Law Student writes: "I'm a law student taking an intellectual property course at the University of Texas at Austin.
I've recently learned that in order to prove copyright infringement in a civil suit, a plaintiff need not establish that an alleged infringer knowingly copied the protected work in question; rather, unknowing copying is enough. This obviously puts something of a burden on creators of new works to ensure that their purportedly new works don't infringe upon pre-existing copyright.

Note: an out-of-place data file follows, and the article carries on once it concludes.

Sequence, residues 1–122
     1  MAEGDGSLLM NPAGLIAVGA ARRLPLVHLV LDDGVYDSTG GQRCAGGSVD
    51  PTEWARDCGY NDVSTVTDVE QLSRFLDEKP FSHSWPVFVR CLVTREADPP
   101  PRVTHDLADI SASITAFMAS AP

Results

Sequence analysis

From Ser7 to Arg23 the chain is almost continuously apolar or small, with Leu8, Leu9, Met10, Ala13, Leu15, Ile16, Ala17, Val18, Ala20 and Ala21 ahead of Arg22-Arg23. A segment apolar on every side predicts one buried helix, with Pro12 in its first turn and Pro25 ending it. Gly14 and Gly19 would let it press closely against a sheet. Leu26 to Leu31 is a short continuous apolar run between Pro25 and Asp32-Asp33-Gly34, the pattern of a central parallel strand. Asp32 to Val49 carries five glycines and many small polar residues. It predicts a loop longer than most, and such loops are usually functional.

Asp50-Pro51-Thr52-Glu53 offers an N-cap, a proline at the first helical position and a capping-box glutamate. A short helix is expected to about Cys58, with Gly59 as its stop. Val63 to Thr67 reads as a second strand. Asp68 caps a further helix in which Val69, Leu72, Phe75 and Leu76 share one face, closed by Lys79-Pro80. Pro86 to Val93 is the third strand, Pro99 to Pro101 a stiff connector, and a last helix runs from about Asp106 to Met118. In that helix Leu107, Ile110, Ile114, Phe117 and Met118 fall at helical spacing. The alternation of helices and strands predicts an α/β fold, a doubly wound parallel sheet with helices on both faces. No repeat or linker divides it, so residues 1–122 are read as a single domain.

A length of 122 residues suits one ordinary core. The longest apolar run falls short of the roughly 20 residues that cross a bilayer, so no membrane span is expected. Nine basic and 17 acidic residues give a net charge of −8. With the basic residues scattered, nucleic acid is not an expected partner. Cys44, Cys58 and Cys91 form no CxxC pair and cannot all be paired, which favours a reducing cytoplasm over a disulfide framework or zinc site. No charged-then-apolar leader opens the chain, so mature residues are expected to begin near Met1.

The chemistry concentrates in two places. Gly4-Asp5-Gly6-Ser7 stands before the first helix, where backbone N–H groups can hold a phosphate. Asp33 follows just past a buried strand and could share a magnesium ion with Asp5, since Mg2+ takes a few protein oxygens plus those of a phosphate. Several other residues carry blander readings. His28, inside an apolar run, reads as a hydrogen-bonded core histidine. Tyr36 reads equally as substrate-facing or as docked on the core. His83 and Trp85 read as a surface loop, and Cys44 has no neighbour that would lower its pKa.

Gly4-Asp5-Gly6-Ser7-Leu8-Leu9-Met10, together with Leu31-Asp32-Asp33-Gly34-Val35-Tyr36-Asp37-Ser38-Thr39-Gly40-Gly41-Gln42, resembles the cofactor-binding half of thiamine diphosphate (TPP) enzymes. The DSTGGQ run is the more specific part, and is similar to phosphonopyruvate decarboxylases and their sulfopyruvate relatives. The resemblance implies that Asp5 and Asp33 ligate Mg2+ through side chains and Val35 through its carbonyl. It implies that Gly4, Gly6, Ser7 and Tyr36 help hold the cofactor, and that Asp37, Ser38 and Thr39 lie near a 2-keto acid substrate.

I've written some lyrics to a tune I also wrote. My gut reaction is to google phrases from the lyrics in quotations to test their originality. However, I'm hesitant to do so becuase I'm not sure whether Google might have a valid claim of ownership (worst-case scenario), or whether those lyrics might arguably pass into the public domain once submitted (not quite as bad).
Any IP attorneys or others out there who could shed some light on this issue?"
One can search the brain with a microscope and not find the
mind, and can search the stars with a telescope and not find God.
-- J. Gustav White